ZURICH (Reuters) - The Swiss National Bank appeared to remain on the sidelines as the Swiss franc surged to its highest level in nearly three years on Monday, driven by concerns about the spread of the coronavirus.
The franc fell to 1.069 versus the euro EURCHF= as investors spooked by the Chinese outbreak sought safe assets, its strongest value since April 2017.
“This could be because of safe-haven flows into the franc due to the risk-off environment linked to the coronavirus,” said Credit Suisse economist Maxime Botteron.
Demand for other safe-haven assets like the Japanese yen has also risen, while stock markets have fallen, Botteron said.
But analysts said the latest rise in Swiss sight deposits held at the Swiss National Bank (SNB) did not indicate renewed interventions to reduce the franc’s value.
The total level of cash that commercial banks hold with the central bank rose to 587.158 billion Swiss francs ($606.9 billion) last week from 585.868 billion francs a week earlier.
A rise in sight deposits is often seen as a proxy for currency interventions by the SNB to dampen demand for the franc, although the recent rise could also be attributed to seasonal effects.
Sight deposits usually decline in December as banks withdraw cash from the SNB to supply Christmas shoppers. When the cash returns to the financial system in the new year, the banks then increase their sight deposits with the SNB.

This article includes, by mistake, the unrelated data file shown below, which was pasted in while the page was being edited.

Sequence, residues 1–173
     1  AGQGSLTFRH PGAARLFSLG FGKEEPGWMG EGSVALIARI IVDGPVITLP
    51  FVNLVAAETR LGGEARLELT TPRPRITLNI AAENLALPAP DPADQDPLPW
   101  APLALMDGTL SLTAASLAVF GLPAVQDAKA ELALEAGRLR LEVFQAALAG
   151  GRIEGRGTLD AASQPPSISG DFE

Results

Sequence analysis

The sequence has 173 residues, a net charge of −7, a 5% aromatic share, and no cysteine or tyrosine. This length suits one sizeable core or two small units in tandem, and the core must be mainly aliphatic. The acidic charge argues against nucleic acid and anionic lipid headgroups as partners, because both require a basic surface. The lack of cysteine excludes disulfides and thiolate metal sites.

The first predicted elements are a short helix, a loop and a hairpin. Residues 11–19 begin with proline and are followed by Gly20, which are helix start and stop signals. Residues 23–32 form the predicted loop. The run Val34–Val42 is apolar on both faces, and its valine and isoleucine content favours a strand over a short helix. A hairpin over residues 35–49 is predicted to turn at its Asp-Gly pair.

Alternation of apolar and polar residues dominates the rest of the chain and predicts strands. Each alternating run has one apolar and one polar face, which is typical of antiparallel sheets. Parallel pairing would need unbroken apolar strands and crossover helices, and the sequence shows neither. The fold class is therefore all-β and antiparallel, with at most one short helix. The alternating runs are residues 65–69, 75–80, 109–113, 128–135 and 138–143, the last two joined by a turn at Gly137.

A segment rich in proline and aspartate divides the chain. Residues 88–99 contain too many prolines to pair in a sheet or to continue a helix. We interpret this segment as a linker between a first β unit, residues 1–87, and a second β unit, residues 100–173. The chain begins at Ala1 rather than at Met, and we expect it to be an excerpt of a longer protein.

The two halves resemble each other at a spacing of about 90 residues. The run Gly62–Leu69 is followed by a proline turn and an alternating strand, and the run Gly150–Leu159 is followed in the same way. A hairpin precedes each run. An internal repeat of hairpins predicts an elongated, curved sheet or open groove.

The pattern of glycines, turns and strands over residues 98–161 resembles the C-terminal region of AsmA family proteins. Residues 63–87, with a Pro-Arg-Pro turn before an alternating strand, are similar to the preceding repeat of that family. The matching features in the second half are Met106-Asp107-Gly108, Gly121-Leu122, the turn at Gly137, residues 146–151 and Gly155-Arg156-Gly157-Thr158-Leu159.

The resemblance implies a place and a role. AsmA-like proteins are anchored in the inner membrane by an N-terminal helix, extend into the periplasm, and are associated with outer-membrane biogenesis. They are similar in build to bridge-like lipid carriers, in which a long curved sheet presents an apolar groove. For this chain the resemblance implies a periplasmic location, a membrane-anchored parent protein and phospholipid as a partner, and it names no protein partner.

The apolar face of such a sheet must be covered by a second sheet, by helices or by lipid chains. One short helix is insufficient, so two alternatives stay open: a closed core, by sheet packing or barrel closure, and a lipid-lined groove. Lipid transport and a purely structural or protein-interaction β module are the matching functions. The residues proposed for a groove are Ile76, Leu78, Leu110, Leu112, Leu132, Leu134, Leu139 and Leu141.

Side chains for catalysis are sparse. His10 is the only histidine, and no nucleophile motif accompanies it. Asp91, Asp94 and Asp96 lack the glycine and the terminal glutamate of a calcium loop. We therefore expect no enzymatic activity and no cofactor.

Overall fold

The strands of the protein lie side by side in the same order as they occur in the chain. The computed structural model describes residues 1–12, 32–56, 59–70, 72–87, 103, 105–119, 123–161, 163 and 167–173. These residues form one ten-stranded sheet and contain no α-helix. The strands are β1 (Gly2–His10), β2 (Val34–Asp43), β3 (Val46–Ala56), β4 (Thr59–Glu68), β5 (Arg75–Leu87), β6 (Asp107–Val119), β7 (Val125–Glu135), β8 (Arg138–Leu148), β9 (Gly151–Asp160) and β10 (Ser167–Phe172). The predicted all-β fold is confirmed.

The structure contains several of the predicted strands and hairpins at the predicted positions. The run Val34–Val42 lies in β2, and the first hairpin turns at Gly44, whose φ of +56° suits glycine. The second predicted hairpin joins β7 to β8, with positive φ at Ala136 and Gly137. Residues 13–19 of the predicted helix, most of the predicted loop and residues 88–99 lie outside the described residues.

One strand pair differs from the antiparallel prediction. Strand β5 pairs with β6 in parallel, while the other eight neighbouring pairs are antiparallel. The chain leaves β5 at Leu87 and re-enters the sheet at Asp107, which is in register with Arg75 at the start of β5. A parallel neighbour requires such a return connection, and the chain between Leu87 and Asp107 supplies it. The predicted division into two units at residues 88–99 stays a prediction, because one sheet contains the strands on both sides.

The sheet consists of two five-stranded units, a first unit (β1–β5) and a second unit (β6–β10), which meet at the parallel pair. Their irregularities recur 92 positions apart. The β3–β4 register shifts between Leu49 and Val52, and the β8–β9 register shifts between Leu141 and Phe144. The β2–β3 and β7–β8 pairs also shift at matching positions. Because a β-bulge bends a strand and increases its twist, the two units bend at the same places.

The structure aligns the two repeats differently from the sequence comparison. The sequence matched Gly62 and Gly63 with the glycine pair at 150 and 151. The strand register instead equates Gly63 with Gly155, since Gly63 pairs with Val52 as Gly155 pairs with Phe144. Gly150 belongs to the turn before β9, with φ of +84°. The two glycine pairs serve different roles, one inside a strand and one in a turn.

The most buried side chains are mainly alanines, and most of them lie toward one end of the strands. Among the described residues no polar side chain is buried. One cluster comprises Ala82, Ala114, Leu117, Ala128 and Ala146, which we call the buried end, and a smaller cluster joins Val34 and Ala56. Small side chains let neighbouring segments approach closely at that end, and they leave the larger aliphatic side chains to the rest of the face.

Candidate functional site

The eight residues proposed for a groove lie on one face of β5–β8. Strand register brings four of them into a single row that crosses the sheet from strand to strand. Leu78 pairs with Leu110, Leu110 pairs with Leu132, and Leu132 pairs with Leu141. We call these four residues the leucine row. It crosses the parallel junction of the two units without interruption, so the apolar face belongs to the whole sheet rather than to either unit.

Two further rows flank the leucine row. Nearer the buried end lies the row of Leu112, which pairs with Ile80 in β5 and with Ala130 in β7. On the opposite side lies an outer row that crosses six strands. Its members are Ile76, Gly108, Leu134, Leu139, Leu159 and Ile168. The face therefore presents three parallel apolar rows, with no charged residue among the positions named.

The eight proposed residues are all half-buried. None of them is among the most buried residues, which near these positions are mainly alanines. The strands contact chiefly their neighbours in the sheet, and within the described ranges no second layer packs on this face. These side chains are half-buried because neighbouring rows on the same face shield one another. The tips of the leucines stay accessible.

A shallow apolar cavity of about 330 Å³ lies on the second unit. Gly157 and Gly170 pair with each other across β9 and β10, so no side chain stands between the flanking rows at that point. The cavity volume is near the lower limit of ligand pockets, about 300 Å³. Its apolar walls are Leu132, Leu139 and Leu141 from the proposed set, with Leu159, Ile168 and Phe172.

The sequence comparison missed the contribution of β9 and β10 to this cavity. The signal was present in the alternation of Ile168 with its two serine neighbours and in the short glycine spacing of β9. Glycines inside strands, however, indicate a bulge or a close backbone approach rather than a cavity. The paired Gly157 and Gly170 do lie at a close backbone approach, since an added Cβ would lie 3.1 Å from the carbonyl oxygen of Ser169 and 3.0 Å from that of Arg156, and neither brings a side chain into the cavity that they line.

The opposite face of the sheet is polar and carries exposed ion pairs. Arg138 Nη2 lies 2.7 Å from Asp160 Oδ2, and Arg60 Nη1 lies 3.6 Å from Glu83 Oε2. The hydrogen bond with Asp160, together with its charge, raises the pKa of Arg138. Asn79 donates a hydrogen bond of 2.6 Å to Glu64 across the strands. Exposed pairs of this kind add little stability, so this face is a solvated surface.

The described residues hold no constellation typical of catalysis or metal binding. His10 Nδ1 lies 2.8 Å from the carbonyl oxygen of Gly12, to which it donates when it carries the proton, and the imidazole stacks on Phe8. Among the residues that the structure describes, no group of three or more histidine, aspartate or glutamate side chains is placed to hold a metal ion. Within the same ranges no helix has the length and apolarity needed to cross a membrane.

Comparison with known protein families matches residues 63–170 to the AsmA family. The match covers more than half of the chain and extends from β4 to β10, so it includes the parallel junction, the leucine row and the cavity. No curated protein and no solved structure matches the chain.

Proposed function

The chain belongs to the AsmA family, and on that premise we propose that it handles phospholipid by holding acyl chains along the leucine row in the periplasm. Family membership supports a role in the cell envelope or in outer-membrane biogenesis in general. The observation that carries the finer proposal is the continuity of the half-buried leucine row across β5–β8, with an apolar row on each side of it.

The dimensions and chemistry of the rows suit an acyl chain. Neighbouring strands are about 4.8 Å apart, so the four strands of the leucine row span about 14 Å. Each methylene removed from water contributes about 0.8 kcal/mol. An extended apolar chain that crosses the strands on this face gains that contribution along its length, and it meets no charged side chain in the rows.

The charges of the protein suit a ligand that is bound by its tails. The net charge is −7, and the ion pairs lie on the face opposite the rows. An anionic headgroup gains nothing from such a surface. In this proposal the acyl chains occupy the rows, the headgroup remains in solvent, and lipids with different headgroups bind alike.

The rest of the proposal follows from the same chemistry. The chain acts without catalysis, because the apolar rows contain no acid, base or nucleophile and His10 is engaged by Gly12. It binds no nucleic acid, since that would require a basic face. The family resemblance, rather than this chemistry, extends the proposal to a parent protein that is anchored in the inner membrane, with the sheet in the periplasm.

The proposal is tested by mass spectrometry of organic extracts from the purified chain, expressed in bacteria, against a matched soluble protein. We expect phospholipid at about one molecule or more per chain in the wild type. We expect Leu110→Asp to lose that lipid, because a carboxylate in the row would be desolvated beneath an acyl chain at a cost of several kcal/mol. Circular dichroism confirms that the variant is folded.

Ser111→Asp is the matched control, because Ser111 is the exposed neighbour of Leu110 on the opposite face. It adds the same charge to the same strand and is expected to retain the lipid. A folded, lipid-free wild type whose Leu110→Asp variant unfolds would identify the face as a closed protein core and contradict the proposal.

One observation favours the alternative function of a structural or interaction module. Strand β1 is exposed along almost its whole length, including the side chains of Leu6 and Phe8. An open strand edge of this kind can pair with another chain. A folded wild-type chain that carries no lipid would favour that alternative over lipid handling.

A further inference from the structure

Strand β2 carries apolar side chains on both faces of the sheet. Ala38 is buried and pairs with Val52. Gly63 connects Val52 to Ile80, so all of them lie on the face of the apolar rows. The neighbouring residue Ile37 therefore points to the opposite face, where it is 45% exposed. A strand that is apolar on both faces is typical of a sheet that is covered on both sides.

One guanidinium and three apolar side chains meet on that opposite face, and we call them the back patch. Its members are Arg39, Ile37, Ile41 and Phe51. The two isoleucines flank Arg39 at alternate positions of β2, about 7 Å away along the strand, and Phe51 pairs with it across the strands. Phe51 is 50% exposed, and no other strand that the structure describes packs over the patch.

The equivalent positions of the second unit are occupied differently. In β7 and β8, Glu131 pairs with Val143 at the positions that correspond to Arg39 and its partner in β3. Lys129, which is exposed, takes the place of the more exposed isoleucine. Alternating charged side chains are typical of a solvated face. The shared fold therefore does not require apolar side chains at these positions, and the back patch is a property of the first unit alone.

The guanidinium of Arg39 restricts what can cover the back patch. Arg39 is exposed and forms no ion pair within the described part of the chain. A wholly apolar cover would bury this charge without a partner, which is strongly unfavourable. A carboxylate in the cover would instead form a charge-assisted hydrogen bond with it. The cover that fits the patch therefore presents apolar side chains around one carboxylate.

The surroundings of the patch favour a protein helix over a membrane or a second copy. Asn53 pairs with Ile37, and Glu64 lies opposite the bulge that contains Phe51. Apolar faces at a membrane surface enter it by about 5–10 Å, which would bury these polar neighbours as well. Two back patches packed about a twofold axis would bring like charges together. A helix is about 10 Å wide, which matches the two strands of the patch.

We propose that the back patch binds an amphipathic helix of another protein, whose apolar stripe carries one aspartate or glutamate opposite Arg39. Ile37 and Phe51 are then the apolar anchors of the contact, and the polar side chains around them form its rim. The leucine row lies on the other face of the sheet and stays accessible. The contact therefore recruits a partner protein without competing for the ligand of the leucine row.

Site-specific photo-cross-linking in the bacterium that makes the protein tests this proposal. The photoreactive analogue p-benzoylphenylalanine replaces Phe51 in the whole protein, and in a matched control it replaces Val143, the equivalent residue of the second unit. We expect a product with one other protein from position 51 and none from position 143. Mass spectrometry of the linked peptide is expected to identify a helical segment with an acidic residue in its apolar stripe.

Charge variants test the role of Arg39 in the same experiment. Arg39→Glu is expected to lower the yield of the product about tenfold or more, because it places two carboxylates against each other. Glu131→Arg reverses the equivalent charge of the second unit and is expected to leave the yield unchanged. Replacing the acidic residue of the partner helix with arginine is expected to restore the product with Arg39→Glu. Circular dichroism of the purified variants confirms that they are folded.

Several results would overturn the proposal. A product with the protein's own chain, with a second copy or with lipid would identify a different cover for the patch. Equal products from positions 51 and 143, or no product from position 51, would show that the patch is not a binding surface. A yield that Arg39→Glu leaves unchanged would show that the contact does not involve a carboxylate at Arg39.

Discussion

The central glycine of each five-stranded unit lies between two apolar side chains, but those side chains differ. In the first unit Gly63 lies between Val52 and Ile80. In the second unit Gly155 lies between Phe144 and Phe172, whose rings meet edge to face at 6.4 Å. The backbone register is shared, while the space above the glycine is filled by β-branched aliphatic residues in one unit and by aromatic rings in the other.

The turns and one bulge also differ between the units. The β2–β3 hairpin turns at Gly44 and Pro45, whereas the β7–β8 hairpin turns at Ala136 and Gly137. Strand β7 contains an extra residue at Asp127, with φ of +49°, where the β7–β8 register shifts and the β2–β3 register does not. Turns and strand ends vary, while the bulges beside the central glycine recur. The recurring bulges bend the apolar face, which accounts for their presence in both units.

“There is no evidence of substantial interventions by the SNB, although there could be a few small actions. This is still the seasonal effect, which I expect to settle down and we will start to see clean numbers from the start of February,” said Botteron.
The SNB, which declined to comment on Monday, is also likely to tolerate a slightly stronger Swiss franc, especially after Switzerland appeared on a U.S. Treasury watch list of potential currency manipulators this month.
“The SNB reduced currency interventions towards the end of last year, and it does not want to provoke the U.S. Treasury at the moment,” said UBS currency strategist Thomas Flury.
The fluctuations in sight deposits could also indicate banks are adjusting to higher thresholds the SNB has introduced before its negative interest rate of 0.75% applies to money they park with it.
The negative interest rate and currency interventions are the main tools the central bank uses to keep a lid on the franc, whose strength hurts Switzerland’s export-reliant economy.
“I think the SNB is probably not intervening at the moment, said Flury. “As far as I understand it is the banks going back and forth and working out how to deal with the new tiering and how much more money they can keep with the SNB without incurring the negative interest.”
($1 = 0.9675 Swiss francs)
Reporting by John Revill; Editing by Toby Chopra